Environmental Quality


Air Quality

The EPHT Network makes available important information on New Jersey’s air quality. The data is collected by the New Jersey Department of Environmental Protection (DEP), which enforces state and federal air quality laws. NJDEP maintains an extensive network of air quality monitors, which collects data on:

Fine Particulate Matter:
Particles of various sizes are added to air by the trucks, cars, and buses and by industrial emissions. Fine particles, less than 2.5 microns in diameter, (known as PM2.5) can be inhaled deep into the lungs where they can impair lung function and cause tissue damage.

Data and summary statistics for particulate matter

Ozone:
Ozone forms when pollutants from cars and power plants react with heat and sunlight. Breathing high levels of ozone can cause coughing and pain in the chest and throat. Effects are more severe in people with asthma and other respiratory ailments.

Data and summary statistics for Ozone

Toxic Air Pollutants:
Many chemical pollutants are emitted into the air from industrial, residential and mobile sources.

Directory of NJEPHT Program Toxic Air Pollutant Indicators †

The USEPA’s National-scale Air Toxics Assessment (NATA) estimates the concentration of, and risk from, 178 Hazardous Air Pollutants.  These ten air toxics were selected as indicators because their NATA estimates were above the health benchmark in five or more counties in New Jersey, and because the primary source was industrial emissions, vehicles, or other area sources.

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Drinking Water

Drinking WaterEPHT, working in close partnership with NJDEP, has summarized data on water quality for over 600 community water systems. as well as for numerous private wells.  Community water systems serve more than 85% of the state’s population.  The EPHT Network contains information on the following:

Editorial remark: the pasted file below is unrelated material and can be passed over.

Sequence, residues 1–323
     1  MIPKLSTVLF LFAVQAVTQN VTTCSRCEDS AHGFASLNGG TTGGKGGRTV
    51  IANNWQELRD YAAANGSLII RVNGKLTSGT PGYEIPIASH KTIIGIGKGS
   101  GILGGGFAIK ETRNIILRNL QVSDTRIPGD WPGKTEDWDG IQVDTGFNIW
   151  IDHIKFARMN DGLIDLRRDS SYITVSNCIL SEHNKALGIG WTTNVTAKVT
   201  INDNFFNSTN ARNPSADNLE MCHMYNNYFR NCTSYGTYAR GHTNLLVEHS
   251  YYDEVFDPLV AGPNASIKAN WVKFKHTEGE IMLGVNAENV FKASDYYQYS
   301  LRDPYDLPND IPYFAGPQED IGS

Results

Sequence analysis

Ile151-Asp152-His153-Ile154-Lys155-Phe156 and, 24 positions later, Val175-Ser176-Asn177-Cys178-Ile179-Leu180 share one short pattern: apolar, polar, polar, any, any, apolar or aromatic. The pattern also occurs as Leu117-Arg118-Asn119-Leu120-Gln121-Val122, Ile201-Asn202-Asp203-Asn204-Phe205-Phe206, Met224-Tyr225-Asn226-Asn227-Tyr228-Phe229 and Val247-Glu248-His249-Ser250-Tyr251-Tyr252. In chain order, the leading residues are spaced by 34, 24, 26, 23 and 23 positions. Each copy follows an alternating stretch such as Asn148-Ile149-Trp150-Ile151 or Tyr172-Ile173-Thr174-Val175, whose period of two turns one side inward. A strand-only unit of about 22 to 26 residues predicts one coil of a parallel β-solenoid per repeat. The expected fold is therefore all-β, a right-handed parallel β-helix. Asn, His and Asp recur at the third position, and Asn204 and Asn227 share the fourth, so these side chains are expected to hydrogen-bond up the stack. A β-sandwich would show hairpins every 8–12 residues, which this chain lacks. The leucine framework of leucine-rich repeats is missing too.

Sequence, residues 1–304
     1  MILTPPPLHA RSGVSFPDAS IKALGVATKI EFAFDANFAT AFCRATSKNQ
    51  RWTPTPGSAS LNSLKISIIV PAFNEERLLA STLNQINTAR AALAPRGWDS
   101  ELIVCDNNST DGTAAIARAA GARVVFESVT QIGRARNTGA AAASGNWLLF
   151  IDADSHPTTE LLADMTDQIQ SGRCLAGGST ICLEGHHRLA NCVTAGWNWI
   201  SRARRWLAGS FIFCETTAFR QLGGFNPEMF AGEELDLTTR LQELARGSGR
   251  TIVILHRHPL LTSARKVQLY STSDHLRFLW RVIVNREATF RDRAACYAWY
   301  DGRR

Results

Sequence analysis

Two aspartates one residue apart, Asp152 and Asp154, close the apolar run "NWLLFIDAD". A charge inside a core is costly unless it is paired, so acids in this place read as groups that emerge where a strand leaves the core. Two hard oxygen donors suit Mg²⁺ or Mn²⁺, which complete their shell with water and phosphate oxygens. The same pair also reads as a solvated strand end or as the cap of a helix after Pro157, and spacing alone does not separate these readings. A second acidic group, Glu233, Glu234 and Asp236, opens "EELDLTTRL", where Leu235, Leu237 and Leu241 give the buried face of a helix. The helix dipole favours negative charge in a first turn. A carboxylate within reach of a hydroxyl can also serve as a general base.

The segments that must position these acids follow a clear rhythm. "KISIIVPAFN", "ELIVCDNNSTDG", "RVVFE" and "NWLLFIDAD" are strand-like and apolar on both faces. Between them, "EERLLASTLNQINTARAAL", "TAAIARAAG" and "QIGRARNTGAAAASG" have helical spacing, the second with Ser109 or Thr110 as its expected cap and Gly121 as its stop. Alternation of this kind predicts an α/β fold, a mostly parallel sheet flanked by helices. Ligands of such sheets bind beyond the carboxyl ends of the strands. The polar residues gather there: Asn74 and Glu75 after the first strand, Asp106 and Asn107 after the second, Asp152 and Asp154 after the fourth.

Arsenic (As) is a naturally-occurring element in the earth’s crust, used in the past as a pesticide.  Elevated arsenic levels found in some groundwater sources are most likely from natural sources.  Arsenic has been classified as a carcinogen, and can also cause other health effects. 

Data and summary statistics for Arsenic

Disinfection by-products by-products (DBPs) are formed when disinfectants, such as chlorine used during water treatment to destroy harmful bacteria and viruses, react with natural organic matter in water. A wide variety of DBPs are formed, but only trihalomethanes (THMs) and haloacetic acids (HAAs) are typically measured since they are produced in the largest amounts.

Data and summary statistics for Disinfection By-Products

Nitrate may be found in drinking water as a result of fertilizer use on agricultural lands.  Exposure to high levels of nitrate in drinking water may result in a condition, particularly in infants, in which the blood is unable to carry sufficient amounts of oxygen.

Data and summary statistics for Nitrate

In addition to the drinking water contaminants listed above, the NJ Tracking Network also contains information about the following contaminants:

Get More Information about my Own Drinking Water Quality

If your drinking water comes from a public community water system:
Your water supplier is required to test it to ensure it meets state and federal Maximum Contaminant Levels (MCLs).  You can get the most recent test results for your water system by contacting your water supplier or the NJDEP Division of Water Supply and Geoscience at (609) 292-5550. 

If your drinking water comes from a private well:
You are responsible for testing.  The NJDEP recommends that you use a laboratory that is NJDEP-certified. You can call NJDEP Office of Quality Assurance at (609) 292-3950 for information on laboratories certified to test drinking water.  In New Jersey, testing is required for sale of residential real estate when a well is the source of water.  For more information, contact the NJDEP Private Well Testing Program or call (866) 479-8378.

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Radon

radonRadon is a radioactive gas that comes from the breakdown of naturally occurring uranium in soil and rock. It is invisible, odorless and tasteless, and can only be detected by specialized tests. Radon enters homes through openings that are in contact with the ground, such as cracks in the foundation, small openings around pipes, and sump pits.

The NJ EPHT web portal contains information on radon screening and mitigation. Screening data illustrate the increasing percent of homes that have been tested for radon since the mid-1990s. The mitigation data show the percent of homes that tested at or above 4 picocuries radon per liter air (pCi/L) and were mitigated.

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Last Reviewed: 11/17/2016